War aside, time zones are political. For example, Dublin Time was stamped out by the British as punishment for the Easter Rising.
If that wasn't exciting enough, to provide local context, we use abbreviations to indicate which location we're talking about. In VK6 that abbreviation is WST, simple enough, Western Standard Time. What if your abbreviation was CST? Is that Central Standard Time in North America, China Standard Time, Cuba Standard Time, or even Australian Central Standard Time. If your local time zone is IST, you could be referring to Indian Standard Time, Israel Standard time, Irish Standard Time or even Irish Summer Time.
As radio amateurs we hold global contests and we advertise our online club meetings and events. Often, we refer to times and dates that might be understood by an audience of one, but utterly confusing to the rest of the world.
So, what do you do with this?
Simple, use UTC. My timezone, called WST, or AWST, is UTC+8. F-troop, a weekly net for new and returning amateurs runs every Saturday morning at midnight UTC, that's 0:00 UTC. No confusion, no daylight saving, everyone can figure out if it's worth being awake for and I must applaud the amateurs from G-land and PA with their contributions in the very, very early hours of their morning.
So, next time you make some noise about a contest, or any amateur activity that goes beyond the people in your suburb, specify the time in UTC. Who knows, perhaps one day, even the likes of SpaceX, Apple and Google will start using UTC to announce their events ...
As Goldie Hawn put it: "Well, in my time zone that's all the time I have, but maybe in your time zone I haven't finished yet. So stay tuned!"
I'm Onno VK6FLAB
On the 12th of December 1961, before I was born, before my parents met, the first amateur radio satellite was launched by Project OSCAR. It was a 10 kilo box, launched as the first private non-government spacecraft. OSCAR 1 was the first piggyback satellite, launched as a secondary payload taking the space of a ballast weight and managed to be heard by over 570 amateurs across 28 countries during the 22 days it was in orbit. It was launched just over four years after Sputnik 1 and was built entirely by amateurs for radio amateurs.
In the sixty years since we've come a long way. Today high school students are building and launching CubeSats and several groups have built satellites for less than a $1,000. OSCAR 76, the so-called "$50SAT" cost $250 in parts. It operated in orbit for 20 months. Fees for launching a 10cm cubed satellite are around $60,000 and reducing by the year.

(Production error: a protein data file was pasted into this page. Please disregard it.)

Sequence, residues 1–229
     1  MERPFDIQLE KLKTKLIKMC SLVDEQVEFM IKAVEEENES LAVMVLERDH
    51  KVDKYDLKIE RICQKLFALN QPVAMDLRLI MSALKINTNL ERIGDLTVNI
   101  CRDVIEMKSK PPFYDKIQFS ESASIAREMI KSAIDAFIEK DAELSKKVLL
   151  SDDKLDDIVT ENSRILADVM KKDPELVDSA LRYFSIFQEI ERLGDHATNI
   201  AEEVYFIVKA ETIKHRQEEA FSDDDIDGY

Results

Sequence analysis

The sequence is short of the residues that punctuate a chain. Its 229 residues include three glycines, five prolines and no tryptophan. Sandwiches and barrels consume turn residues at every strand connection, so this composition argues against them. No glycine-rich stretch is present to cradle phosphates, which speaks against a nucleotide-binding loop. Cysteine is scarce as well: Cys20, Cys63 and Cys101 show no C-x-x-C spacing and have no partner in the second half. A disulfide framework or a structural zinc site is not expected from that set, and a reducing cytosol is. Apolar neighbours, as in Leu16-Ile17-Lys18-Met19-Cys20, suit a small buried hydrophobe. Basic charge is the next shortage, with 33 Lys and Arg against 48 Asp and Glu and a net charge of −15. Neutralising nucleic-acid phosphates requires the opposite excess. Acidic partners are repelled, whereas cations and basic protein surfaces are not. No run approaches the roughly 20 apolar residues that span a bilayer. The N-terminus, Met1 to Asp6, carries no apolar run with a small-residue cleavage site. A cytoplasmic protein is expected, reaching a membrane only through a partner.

If that sounds like a lot of money for the amateur community, consider that the budget for operating VK0EK, the DXpedition to Heard Island in 2016 was $550,000. Operation lasted 21 days.
I'm mentioning all this in the context of homebrew. Not the alcoholic version of homebrew, the radio amateur version, where you build stuff for your personal enjoyment and education.
For some amateurs that itch is scratched by designing and building a valve based power amplifier, for others it means building a wooden Morse key. For the members of OSCAR it's satellites. For me the itch has always been software.
Sitting in my bedroom in the early 1980's, eyeballs glued to the black and white TV that was connected to my very own Commodore VIC-20 was how I got properly bitten by that bug, after having been introduced to the Apple II at my high school.
I'm a curios person. Have always been. In my work I generally go after the new and novel and then discover six months down the track that my clients benefit from my weird sideways excursion into something or other.
Right now my latest diversion is the FPGA, a Field Programmable Gate Array. Started watching a new series by Digi-Key about how to use them and the experience is exhilarating.
One way to simply describe an FPGA is to think of it as a way to create a virtual circuit board that can be reprogrammed in the field. You don't have to go out and design a chip for a specific purpose and deal with errors, upgrades and supply chain issues, instead you use a virtual circuit and reprogram as needed. If you're not sure how powerful this is, you can program an FPGA to behave like a Motorola 65C02 microprocessor, or as a RISC CPU, or well over 200 other open source processor designs, including the 64-bit UltraSPARC T1 microprocessor.
I'm mentioning this because while I have a vintage HP606A valve based signal generator that I'm working on restoring to fully working. Homebrew for me involves all that the world has to offer. I don't get excited about solder and my hands and eyes are really not steady enough to manage small circuit designs, but tapping keys on a keyboard, that's something I've been doing for a long time.